Sonnenfeld G, Hudgens RW (1983) Effect of carcinogenic components of cigarette smoke on in vivo production of murine interferon. Cancer Res 43:4720–4722PubMedGoogle Scholar
  11. 11.
    Bartsch H, Malaveille C, Friesen M, Kadlubar FF, Vineis P (1993) Black (air-cured) and blond (flue-cured) tobacco cancer risk. IV: molecular dosimetry studies implicate aromatic amines as bladder carcinogens. Eur J Cancer 29A:1199–1207PubMedCrossRefGoogle Scholar
  12. 12.
    Penn A, Chen LC, Snyder CA (1994) Inhalation of steady-state sidestream smoke from one cigarette promotes arteriosclerotic plaque development. Circulation 90:1363–1367PubMedCrossRefGoogle Scholar
  13. 13.
    Stefanadis C, Tsiamis E, Vlachopoulos C et al (1997) Unfavorable effect of smoking on the elastic properties of the human aorta. Circulation 95:31–38PubMedCrossRefGoogle Scholar
  14. 14.
    Schafer T, Dirschedl P, Kunz B, Ring J, Uberla K (1997) Maternal smoking during pregnancy and lactation increases the risk for atopic eczema in the offspring. J Am Acad Dermatol 36:550–556PubMedCrossRefGoogle Scholar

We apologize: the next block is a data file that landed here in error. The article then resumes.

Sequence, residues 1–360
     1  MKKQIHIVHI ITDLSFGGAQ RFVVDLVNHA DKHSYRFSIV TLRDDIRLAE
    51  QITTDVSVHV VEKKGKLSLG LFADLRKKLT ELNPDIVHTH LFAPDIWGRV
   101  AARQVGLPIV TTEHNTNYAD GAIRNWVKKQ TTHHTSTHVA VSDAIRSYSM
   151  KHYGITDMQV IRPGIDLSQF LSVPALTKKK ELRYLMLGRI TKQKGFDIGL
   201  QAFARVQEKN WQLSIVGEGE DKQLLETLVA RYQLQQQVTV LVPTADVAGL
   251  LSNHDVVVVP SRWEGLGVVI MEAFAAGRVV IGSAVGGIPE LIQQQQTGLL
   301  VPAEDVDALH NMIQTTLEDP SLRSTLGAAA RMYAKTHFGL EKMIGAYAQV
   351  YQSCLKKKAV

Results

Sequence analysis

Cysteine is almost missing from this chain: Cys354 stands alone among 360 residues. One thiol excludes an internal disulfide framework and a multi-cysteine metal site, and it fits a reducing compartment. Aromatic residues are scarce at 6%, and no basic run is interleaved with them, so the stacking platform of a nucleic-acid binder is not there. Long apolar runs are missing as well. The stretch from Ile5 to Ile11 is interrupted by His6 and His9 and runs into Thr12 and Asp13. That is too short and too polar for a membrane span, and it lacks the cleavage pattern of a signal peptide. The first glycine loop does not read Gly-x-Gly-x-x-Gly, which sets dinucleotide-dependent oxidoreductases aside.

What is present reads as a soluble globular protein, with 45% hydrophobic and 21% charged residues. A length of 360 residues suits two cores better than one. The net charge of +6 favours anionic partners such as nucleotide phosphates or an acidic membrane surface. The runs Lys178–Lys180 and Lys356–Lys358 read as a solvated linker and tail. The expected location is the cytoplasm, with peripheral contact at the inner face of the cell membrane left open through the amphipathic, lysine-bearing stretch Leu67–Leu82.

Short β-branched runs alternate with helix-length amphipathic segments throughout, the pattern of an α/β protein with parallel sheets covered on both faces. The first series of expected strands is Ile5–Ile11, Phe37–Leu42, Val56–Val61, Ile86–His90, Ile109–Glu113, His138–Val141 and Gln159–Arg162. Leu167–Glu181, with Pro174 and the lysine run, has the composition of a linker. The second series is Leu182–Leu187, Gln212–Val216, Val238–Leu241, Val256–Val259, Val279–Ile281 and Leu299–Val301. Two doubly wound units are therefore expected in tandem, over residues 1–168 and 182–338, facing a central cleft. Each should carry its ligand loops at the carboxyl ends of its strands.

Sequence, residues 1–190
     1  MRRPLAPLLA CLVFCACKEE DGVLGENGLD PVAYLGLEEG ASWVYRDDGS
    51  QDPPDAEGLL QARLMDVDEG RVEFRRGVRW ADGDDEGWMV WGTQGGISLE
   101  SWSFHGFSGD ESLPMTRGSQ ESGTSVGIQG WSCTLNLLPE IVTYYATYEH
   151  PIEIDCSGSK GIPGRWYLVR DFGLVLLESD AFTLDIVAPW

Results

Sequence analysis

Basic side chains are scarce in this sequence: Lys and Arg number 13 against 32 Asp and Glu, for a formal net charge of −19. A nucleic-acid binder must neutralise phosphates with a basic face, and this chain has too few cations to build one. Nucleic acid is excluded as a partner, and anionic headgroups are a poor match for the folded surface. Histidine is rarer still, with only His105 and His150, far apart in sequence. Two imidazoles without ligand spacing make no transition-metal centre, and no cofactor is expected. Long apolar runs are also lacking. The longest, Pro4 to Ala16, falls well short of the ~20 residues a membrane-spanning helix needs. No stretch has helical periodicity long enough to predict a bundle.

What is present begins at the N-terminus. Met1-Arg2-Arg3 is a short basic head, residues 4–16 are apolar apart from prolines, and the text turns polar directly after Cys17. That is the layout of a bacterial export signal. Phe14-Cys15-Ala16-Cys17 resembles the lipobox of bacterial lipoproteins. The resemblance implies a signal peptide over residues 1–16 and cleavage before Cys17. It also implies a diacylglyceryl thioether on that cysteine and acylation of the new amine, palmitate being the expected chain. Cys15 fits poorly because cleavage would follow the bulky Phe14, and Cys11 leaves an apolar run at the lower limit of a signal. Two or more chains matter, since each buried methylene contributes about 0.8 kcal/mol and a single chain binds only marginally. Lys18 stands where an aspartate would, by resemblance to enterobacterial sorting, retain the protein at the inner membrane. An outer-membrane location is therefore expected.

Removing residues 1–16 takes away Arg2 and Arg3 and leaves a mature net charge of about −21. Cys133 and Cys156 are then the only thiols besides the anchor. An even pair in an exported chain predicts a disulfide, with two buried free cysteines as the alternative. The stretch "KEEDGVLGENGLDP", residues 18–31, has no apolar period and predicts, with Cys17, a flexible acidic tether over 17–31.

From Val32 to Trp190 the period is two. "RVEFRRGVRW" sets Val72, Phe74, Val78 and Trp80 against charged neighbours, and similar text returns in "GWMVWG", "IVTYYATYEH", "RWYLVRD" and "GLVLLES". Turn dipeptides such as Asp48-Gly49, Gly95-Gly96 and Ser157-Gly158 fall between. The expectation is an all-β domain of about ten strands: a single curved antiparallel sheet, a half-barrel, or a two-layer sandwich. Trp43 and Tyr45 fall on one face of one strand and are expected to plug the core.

15. 15.
    Solly S (1856) Clinical lectures on paralysis. Lancet 68(1737):641–643Google Scholar
  16. 16.
    Chung JH, Lee SH, Youn CS et al (2001) Cutaneous photodamage in Koreans: influence of sex, sun exposure, smoking, and skin color. Arch Dermatol 137:1043–1051PubMedGoogle Scholar
  17. 17.
    Ernster VL, Grady D, Miike R, Black D, Selby J, Kerlikowske K (1995) Facial wrinkling in men and women, by smoking status. Am J Public Health 85:78–82PubMedCrossRefGoogle Scholar
  18. 18.
    Kadunce DP, Burr R, Gress R, Kanner R, Lyon JL, Zone JJ (1991) Cigarette smoking: risk factor for premature facial wrinkling. Ann Intern Med 114:840–844PubMedGoogle Scholar
  19. 19.